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90% of Pakistan’s Polio Cases ‘Imported’ from Afghanistan

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As Pakistan grapples with a rising number of polio cases, Interim Health Minister Dr. Nadeem Jan has revealed that a staggering 90% of the country’s polio cases can be attributed to infections “imported from Afghanistan.” These remarks come in the wake of two more samples testing positive for the poliovirus in Pakistan, underscoring the urgency of addressing this cross-border health challenge.

Recent sewage samples collected from Dera Bugti in Balochistan and Peshawar have shown traces of the poliovirus similar to those found in Afghanistan. Pakistan and Afghanistan are the only two countries where polio remains endemic, making cross-border cooperation essential to combat this persistent threat.

While significant progress has been made in containing wild poliovirus transmission, seven districts in southern Khyber Pakhtunkhwa continue to report cases. The World Health Organization reported in August that all reported cases in 2021 had originated from these districts. Unfortunately, this year has seen an increase in cases, with three new instances reported in Peshawar, Bannu, and Balochistan’s Dera Bugti.

In response to this concerning trend, the Pakistani government has launched a five-day polio vaccination drive targeting approximately 44 million children nationwide. This effort will involve around 350,000 polio workers administering vital anti-polio vaccine drops to children aged 0-5 years.

Addressing the surge in polio cases during an interview, Health Minister Dr. Nadeem Jan emphasized the importance of vaccination, stating “Our surveillance is optimal. Of the 34 samples that we have received, 90% have come from Afghanistan … our own are even less than 10%.” Dr. Jan highlighted the dangers of this imported virus persisting and urged swift vaccination efforts to prevent its further circulation and potential adaptation within Pakistan.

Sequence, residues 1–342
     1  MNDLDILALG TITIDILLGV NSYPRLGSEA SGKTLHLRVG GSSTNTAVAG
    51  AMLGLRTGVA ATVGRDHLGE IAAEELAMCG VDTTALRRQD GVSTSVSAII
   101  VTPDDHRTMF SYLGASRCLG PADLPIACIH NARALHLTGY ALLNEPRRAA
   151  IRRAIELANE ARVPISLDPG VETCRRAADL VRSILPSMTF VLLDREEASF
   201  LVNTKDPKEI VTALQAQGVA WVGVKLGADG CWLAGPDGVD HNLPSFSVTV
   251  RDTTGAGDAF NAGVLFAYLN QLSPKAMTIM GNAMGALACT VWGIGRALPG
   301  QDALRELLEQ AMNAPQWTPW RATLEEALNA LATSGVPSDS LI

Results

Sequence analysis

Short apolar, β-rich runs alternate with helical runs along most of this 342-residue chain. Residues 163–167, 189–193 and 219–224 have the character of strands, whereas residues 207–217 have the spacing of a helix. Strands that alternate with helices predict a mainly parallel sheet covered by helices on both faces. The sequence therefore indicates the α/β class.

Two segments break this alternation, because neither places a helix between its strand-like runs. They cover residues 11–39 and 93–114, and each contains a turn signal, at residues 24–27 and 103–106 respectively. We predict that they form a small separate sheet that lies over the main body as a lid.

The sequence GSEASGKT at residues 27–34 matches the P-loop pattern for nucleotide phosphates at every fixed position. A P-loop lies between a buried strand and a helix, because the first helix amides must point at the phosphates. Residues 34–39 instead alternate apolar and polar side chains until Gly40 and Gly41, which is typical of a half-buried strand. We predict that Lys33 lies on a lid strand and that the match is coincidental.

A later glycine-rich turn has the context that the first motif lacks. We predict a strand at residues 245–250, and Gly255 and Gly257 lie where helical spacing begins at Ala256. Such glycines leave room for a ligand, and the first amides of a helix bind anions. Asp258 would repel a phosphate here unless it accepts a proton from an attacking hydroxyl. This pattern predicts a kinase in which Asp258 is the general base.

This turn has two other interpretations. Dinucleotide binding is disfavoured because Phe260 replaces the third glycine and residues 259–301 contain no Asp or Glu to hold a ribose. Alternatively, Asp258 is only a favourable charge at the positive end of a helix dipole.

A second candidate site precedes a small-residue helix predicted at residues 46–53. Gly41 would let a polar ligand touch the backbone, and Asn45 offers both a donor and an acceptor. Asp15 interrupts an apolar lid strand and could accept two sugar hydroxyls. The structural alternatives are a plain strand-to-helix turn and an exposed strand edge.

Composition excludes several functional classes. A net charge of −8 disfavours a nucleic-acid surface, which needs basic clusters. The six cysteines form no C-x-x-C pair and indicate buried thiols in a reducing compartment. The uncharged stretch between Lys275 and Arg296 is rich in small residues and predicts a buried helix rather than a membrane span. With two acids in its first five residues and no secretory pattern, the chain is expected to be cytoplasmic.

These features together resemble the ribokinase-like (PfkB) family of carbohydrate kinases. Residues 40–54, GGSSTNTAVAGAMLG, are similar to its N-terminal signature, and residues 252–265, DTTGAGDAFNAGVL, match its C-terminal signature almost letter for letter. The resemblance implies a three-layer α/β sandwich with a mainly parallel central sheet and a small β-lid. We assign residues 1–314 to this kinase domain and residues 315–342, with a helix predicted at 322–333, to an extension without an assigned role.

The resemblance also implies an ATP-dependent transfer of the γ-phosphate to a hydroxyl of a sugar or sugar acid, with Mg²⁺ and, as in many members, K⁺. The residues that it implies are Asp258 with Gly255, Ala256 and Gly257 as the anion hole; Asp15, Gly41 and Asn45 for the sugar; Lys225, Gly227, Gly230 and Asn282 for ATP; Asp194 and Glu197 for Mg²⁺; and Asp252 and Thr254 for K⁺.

The recent cases in Khyber Pakhtunkhwa were attributed to vaccine refusals, shedding light on the critical role community education and acceptance play in the battle against polio.

During the interview, Dr. Jan also discussed the government’s efforts to combat the proliferation of counterfeit medicines. He revealed that a system for verifying the barcodes of medicines had been devised, but implementation challenges remained. Dr. Jan noted the active roles of the Drug Regulatory Authority of Pakistan and the Health Department in curbing the sale of fake medicines. He acknowledged that while there were lapses, efforts to eradicate the network of counterfeit medicines had commenced, with crackdowns underway.

In response to questions regarding the return of former Prime Minister Nawaz Sharif to Pakistan on October 21, Dr. Jan emphasized that it was a political matter, and the health ministry would abide by the law and Constitution in handling the situation.

This revelation from Pakistan’s Health Minister sheds light on the urgent need for cross-border cooperation in combating polio and highlights the importance of vaccination efforts to protect the nation’s children. While the battle against polio continues, Pakistan’s commitment to eradicating counterfeit medicines underscores its dedication to public health and safety.

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